Fellow online beauty retailer Beauty Bay said in December that it was considering a stock market listing following The Hut Group’s successful IPO. The company recorded a sales rise as Brits shifted towards online spending, and said it was now seeking to capitalise on the accelerating shift in beauty and skincare product sales to digital channels.
Meanwhile, a Pinterest spokesperson told Retail Gazette that the social media platform has witnessed a 40 per cent increase in searches for ‘make up routine’ since the start of the pandemic.
“This shows that consumers are still actively engaging with beauty products and how-to’s,” the spokesperson said.#
“The types of beauty consumers are searching for has shifted with searches for ‘Natural everyday make-up” up 180 per cent and ‘naturally glowing skin” up 400 per cent.”
Abaryan added that the number of consumers shopping online is expected to have doubled since 2019, and in order to respond and adapt to this long-term trend, beauty retailers must prepare for a sustained shift to online.
Mouri Raquib, Global Campaign Manager at marketing consultancy firm Widen, argued that consumers were now relying on more product content online to make their decision as they have been left without the ability to test makeup in-store before buying.
“This product content comes in the form of images and videos, of course, but also product attributes like descriptive product copy, colour swatches, skin-tone options, and ingredient lists,” she said.
“This demand for information will only grow as shoppers continue to rely on ecommerce sites to make cosmetic purchases.
“Retailers will need to ensure they can keep track of this growing information, update it easily, and tie together all of the content for each product consistently and quickly.”
Elliott Jacobs, consulting director at commerce agency LiveArea, said retailers should replace in-store testers with individual samples.
“We’ve seen success with the likes of Birchbox – a subscription-based model where customers can demo small samples of recommended products through the mail,” he said.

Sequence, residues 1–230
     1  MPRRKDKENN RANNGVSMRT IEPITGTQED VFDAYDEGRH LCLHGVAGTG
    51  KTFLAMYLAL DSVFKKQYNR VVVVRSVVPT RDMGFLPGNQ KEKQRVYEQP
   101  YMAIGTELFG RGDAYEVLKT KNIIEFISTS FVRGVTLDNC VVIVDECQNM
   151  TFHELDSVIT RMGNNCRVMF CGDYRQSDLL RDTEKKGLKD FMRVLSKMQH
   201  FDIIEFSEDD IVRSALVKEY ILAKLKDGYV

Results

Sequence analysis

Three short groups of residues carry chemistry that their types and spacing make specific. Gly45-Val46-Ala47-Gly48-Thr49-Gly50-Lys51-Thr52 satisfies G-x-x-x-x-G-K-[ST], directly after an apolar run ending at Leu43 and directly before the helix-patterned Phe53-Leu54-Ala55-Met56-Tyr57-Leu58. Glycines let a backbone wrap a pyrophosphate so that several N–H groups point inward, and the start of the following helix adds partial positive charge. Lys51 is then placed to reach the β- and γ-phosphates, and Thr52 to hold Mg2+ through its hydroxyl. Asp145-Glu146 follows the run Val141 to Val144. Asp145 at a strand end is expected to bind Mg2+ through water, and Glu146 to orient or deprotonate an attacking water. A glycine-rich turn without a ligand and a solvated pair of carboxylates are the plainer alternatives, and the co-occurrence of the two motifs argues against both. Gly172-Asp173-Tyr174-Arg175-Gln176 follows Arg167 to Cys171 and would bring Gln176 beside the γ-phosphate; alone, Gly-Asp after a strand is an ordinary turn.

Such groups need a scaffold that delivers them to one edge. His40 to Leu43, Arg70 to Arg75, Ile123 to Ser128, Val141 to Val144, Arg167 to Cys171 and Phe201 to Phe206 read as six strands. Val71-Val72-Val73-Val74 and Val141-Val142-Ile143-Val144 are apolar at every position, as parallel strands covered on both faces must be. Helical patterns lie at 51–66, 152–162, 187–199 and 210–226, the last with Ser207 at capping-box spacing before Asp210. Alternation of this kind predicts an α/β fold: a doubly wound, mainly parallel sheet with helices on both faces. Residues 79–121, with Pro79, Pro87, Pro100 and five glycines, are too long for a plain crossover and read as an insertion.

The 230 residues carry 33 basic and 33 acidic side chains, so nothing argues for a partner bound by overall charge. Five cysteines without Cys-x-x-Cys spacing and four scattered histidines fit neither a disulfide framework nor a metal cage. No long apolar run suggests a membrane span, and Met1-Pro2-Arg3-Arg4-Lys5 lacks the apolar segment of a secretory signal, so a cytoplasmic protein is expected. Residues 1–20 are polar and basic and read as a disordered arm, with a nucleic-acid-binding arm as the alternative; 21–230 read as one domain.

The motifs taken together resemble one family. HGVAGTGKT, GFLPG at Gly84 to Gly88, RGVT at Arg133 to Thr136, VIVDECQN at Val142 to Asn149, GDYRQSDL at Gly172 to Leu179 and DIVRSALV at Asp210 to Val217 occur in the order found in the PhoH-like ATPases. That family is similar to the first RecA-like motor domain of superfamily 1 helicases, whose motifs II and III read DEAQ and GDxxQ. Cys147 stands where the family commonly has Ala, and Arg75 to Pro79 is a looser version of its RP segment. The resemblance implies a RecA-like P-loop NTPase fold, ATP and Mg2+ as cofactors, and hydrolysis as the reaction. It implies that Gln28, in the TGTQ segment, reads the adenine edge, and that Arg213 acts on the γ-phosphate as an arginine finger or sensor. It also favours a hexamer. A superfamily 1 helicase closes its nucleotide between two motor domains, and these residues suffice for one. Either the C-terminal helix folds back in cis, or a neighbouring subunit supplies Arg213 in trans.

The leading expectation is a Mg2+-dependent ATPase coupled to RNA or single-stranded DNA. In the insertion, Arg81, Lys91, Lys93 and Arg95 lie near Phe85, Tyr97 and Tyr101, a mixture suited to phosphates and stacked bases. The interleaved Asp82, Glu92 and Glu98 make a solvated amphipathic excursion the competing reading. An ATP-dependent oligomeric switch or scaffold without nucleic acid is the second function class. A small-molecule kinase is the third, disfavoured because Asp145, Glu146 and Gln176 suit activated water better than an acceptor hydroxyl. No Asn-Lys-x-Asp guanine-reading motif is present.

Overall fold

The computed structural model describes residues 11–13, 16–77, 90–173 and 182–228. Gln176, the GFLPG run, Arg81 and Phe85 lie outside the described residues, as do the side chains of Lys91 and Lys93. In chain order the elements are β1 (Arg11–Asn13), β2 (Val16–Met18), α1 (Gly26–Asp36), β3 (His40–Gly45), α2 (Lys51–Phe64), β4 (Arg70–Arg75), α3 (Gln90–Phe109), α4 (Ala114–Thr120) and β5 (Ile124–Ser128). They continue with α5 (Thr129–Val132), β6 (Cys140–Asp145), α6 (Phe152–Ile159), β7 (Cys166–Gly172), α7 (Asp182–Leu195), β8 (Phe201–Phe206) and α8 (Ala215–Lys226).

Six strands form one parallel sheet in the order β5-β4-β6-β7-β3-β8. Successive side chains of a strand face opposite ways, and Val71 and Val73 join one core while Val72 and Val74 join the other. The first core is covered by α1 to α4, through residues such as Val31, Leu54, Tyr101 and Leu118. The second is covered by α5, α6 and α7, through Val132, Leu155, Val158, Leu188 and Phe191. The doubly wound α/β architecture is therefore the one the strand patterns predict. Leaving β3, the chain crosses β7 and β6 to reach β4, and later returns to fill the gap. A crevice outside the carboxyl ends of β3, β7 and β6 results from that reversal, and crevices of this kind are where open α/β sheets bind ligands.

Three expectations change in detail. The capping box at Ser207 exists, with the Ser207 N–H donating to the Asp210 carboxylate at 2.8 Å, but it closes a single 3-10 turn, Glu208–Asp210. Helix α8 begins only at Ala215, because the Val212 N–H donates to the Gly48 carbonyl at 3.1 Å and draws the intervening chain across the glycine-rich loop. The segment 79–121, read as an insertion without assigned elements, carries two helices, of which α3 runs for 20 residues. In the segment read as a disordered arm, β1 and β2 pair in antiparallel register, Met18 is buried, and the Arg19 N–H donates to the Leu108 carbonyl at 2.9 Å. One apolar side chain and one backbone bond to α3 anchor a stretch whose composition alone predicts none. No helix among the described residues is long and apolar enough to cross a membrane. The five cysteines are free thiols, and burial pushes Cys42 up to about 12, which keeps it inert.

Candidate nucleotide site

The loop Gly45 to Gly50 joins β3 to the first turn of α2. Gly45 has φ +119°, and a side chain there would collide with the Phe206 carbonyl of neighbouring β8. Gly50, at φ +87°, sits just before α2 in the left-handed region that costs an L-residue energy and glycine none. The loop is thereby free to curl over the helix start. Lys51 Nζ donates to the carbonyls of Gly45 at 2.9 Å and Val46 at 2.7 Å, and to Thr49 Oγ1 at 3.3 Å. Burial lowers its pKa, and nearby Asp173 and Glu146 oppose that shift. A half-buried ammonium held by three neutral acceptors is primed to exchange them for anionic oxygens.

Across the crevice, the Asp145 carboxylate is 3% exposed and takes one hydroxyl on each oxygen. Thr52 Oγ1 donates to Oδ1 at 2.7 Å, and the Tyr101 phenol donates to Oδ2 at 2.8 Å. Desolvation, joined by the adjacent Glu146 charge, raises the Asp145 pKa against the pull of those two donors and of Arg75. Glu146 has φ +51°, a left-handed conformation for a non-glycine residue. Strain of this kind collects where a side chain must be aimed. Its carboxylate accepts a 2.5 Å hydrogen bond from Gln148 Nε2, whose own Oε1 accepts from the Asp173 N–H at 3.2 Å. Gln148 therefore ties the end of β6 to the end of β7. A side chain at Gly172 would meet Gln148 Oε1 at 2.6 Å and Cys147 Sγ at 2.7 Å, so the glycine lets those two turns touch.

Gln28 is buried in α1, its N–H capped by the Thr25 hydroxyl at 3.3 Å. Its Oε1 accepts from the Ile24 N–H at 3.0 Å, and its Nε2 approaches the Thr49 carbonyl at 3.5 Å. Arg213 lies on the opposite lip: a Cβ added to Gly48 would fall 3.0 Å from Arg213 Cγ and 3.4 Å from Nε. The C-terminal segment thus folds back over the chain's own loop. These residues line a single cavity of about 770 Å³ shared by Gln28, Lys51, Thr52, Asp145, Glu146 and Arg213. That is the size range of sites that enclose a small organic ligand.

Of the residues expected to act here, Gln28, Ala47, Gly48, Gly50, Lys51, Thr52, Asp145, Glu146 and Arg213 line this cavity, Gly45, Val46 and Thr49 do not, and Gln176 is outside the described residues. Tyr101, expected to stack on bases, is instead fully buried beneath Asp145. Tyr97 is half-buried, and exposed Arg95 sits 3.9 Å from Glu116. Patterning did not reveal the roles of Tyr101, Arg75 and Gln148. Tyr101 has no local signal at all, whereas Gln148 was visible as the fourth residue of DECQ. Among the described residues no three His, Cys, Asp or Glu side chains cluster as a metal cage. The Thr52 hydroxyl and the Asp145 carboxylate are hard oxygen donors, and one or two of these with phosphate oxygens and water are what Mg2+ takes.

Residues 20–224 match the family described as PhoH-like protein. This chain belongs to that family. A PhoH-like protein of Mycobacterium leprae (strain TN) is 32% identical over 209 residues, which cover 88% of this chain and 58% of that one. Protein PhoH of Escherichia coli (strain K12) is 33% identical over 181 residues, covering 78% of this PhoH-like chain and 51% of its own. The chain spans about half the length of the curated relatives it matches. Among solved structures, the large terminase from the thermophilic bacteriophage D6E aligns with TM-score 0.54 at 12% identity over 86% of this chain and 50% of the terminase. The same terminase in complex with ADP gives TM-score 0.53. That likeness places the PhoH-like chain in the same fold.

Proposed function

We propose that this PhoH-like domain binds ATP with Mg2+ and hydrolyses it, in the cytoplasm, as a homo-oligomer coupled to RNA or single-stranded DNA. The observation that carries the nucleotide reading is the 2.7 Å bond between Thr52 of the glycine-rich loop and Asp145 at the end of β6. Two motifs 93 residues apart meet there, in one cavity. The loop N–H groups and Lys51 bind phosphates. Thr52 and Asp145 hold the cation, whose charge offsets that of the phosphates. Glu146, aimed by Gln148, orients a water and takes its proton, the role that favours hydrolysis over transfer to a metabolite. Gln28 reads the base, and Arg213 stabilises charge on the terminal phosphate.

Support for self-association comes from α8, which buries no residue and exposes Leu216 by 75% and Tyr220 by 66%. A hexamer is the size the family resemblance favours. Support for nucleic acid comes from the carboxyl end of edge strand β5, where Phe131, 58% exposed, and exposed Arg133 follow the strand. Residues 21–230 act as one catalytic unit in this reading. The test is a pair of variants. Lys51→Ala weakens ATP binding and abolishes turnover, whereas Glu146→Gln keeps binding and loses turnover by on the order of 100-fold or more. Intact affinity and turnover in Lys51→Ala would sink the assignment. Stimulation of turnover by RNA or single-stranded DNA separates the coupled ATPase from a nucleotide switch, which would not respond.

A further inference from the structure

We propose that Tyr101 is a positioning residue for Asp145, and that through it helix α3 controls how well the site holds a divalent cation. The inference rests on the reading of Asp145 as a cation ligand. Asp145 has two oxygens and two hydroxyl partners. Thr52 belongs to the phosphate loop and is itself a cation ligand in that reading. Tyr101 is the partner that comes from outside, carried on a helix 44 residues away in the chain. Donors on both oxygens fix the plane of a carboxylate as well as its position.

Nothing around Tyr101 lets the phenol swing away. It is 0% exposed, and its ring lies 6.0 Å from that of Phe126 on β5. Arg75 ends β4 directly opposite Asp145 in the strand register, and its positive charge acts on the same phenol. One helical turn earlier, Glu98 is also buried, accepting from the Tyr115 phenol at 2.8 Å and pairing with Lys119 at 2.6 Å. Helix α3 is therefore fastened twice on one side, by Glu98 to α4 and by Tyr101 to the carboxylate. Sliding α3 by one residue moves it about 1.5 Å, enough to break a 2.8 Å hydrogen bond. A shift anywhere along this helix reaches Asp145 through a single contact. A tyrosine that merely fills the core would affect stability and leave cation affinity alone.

Wold agreed. She said the new stay-at-home lifestyle has led to an increase in online shopping and subscription services, with more customers investing money in beauty product subscriptions such as Glossier and Birchbox.
Lysa Campbell, chief executive of Retail Marketing Group, said that while the beauty industry has indeed been hit hard by the pandemic, many products are still viewed by consumers as an “affordable luxury”.
“By ensuring a seamless online purchase experience, retailers will be able to meet the level of demand that is needed for the industry to bounce back,” she told Retail Gazette.
Indeed, some retailers have already had a head start with innovating their tech offerings as they find ways to ease the shopping experience for customers amid the pandemic.
In May last year, Charlotte Tilbury introduced a live chat service, a 1-2-1 virtual consultation, and a makeup magic online try on service where customers can virtually try on makeup icons and play around with different shades.
In the same month, Boots said it was preparing to reopen its No.7 counter and branded beauty lines following a lockdown. The retailer, which saw its online sales nearly double and searches for skincare rise 140 per cent year-on-year, was relying on digital innovation to launch its new No.7 product and reopen in-store beauty counters. It said it would offer shoppers in-store and online video consultations with No. 7 advisers, which last 15-20 minutes as well as focus on skincare and cosmetic advice.
Pinterest said consumers were keen to try on cosmetics before purchasing, whether in store or virtually and especially when it comes to new products or brands. In an effort to be reactive, the social media platform launched its own beauty AR feature and innovation, “Try on” in the UK last November, which allows consumers to view products in a range of shades from beauty brands.
The beauty retail market may need to focus on its digital offerings, particularly as the UK has already multiple lockdowns. The shopping behaviours adopted at this time may remain in the future once stores have reopened, and retailers will have the opportunity to capitalise from an omnichannel offering.
It’s unlikely that digital sales will offset the loss that physical stores are facing because it is difficult to replicate experiential retail online. This means retailers will need to work with what they have at this current time.
Undoubtedly, the numbers show that consumers are still purchasing beauty products. People are still willing to spend their money on small indulgences like lipstick and manicures. And given the current stay-at-home measures, retailers need to embrace the small indulgences like skincare products that are weathering the pandemic storm.